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Evening Lectures 2020

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Everyone welcome & free to attend!

 

Join us for our fantastic Autumn & Spring evening lectures covering a whole host of interesting topics.

Members and non-members welcome. Free to attend but please book in advance for each talk below or by calling Lauren on 0131 525 6157.

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Monday 23rd March 2020 | 7pm


Meet Your Voice: Making Friends With Our Own Voice

Our voices speak volumes about us. From the moment that our newborn lungs fuelled that first ear-splitting cry to the last word we spoke today, our voices have worked tirelessly to communicate our personality with the world. And yet, most of us are increasingly disconnected from our own voices. In this lecture from award-winning professional speaker and self-professed “voice geek” Alex Owen-Hill, you will learn about the sounds, skills and science of the human voice. He’ll introduce you, for perhaps the first time in your life, to this often-overlooked symphony of muscles in the human body.

Monday 7th September 2020 | 7pm


How Scotland Won the Battle of Britain

The Battle of Britain was a military campaign of the Second World War, in which the Royal Air Force defended the United Kingdom against large-scale attacks by Nazi Germany’s air force, the Luftwaffe. It has been described as the first major military campaign fought entirely by air forces. Join Committee Member Sqn Ldr Graeme Lyall for an enlightened talk on ‘How Scotland Won the Battle of Britain’ from Alexander Graham Bell’s Telephone to Dowding’s Command and Control System.

Monday 12th October 2020 | 7pm


Craftwork Beyond ‘the House’, Family and Household in the…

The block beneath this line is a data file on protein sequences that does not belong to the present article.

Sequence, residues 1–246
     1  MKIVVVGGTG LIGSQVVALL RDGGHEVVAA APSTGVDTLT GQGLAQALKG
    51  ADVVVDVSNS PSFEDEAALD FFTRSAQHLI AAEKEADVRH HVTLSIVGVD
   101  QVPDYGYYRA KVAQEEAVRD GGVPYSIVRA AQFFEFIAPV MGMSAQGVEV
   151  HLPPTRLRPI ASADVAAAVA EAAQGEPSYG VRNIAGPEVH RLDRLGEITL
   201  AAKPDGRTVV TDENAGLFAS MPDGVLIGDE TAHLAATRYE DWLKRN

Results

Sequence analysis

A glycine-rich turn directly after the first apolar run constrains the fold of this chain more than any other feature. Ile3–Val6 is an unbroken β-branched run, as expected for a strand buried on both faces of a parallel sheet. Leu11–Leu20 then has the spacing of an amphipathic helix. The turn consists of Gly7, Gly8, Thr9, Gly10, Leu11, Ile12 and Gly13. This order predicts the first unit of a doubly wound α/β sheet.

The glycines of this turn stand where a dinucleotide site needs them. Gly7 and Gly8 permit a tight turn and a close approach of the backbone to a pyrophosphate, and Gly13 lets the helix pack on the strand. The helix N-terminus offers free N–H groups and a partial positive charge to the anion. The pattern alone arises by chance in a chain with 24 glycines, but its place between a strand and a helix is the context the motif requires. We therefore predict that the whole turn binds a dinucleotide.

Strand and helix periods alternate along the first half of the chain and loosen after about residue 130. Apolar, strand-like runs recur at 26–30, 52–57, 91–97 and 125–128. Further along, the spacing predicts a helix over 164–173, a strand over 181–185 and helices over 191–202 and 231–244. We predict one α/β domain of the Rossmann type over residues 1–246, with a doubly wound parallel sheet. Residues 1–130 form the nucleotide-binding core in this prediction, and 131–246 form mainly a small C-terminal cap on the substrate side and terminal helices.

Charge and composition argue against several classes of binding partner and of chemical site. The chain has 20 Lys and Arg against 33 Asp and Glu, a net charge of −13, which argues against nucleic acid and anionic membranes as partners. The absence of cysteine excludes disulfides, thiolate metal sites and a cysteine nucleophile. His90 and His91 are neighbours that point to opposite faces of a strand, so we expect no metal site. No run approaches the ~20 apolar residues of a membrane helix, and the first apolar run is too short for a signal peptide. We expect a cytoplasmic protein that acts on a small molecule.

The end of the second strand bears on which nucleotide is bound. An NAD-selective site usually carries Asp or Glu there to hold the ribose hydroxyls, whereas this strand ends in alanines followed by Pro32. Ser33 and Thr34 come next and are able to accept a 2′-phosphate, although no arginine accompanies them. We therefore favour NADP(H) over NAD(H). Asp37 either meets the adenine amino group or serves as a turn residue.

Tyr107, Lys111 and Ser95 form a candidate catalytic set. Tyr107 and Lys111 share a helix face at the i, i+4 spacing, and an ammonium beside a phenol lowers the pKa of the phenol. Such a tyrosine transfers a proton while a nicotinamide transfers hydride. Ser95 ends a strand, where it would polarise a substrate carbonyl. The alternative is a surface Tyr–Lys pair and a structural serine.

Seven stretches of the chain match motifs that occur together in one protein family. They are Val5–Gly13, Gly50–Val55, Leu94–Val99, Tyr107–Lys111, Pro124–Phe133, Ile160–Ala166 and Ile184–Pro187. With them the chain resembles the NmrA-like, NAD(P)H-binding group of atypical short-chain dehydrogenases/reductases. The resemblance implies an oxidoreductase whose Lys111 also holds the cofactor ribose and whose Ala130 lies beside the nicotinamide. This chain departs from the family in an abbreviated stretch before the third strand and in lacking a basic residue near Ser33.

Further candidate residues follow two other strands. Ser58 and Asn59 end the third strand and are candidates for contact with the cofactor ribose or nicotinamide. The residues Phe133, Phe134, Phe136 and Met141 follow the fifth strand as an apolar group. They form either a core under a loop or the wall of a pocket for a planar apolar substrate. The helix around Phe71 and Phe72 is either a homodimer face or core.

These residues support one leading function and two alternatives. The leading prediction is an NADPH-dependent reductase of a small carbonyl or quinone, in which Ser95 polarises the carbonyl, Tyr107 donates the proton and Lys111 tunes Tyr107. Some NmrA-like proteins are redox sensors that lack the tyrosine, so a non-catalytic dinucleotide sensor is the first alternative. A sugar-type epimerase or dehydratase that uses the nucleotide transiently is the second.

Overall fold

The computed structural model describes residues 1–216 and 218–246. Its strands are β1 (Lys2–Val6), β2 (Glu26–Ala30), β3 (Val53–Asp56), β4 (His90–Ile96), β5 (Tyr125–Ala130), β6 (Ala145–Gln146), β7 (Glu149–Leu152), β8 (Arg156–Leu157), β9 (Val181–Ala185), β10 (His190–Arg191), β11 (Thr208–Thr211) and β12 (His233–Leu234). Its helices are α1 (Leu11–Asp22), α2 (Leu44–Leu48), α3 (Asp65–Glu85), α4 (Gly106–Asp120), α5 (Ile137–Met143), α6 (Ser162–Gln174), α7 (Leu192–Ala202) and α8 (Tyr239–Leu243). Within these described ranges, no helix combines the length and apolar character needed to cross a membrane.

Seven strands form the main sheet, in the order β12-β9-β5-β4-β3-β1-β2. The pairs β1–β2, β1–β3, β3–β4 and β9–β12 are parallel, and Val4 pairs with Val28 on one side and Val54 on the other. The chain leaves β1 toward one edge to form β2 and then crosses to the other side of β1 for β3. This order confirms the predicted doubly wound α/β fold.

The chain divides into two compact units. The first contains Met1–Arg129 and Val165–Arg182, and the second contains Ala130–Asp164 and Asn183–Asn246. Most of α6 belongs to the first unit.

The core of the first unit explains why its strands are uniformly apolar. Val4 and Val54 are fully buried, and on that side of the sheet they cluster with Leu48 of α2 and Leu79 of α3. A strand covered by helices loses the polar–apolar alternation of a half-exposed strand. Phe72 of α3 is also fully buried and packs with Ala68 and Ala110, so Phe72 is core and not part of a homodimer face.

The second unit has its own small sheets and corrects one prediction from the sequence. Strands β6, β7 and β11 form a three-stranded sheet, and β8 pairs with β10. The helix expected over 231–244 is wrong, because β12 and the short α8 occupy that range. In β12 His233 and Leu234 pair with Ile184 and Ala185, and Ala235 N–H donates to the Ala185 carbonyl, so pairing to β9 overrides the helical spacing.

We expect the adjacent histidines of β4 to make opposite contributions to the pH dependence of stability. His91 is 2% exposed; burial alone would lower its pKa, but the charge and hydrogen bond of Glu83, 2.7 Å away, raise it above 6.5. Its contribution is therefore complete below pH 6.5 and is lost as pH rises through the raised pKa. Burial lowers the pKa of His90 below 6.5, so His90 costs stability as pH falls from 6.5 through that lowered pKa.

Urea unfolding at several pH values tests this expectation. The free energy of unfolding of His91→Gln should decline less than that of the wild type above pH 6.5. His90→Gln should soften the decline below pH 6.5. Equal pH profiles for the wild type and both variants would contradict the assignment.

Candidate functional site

The Edinburgh ‘Incorporation of Mary’s Chapel’ was a composite body which sought to control the town’s building trades from its foundation in 1475 until the abolition of ‘exclusive privileges of work’ in 1846. Intriguingly, this Incorporation chose to refer to themselves in their minute books as ‘the House’, laying claim to their place as one of the building blocks of a godly society, and emphasising their desire for unity amongst their brethren. While this tells us much about the master craftsmen, it does not give a full picture of the wider building industry. Building sites relied on more than just the ‘brethren’ of the Incorporation, so therefore we must look beyond ‘the House’ to the households to get a clearer picture of the craft economy. By using the concepts of ‘family’ and ‘household’ to explore the building trades we can learn a great deal about the wider organization of work in an early modern European capital. While the masters were indeed important, there were many other men – and women – who contributed both skill and labour to the building of what would become a UNESCO World Heritage Site.

Dr Aaron Allen is a historian and an academic developer at the Institute for Academic Development at the University of Edinburgh. His research focuses on craft guilds and corporatism, and he has recently published a monograph with EUP, Building Early Modern Edinburgh: A Social History of Craftwork and Incorporation (2018).

Monday 2nd November 2020 | 7pm


Salt- Scotland’s Forgotten Industry

The manufacture of salt from sea water is one of Scotland’s oldest industries. At one time the smoke and steam from clusters of saltpans were a common sight on the Scottish coast. This talk will trace the history of this largely forgotten industry and its slave-like workers.

Professor Christopher A Whatley OBE, was the author of the first book on the Scottish salt industry (1987), and has written many more, including The Scots and the Union (2006), Immortal Memory: Burns and the Scottish People (2016) and Pabay: An Island Odyssey (2019).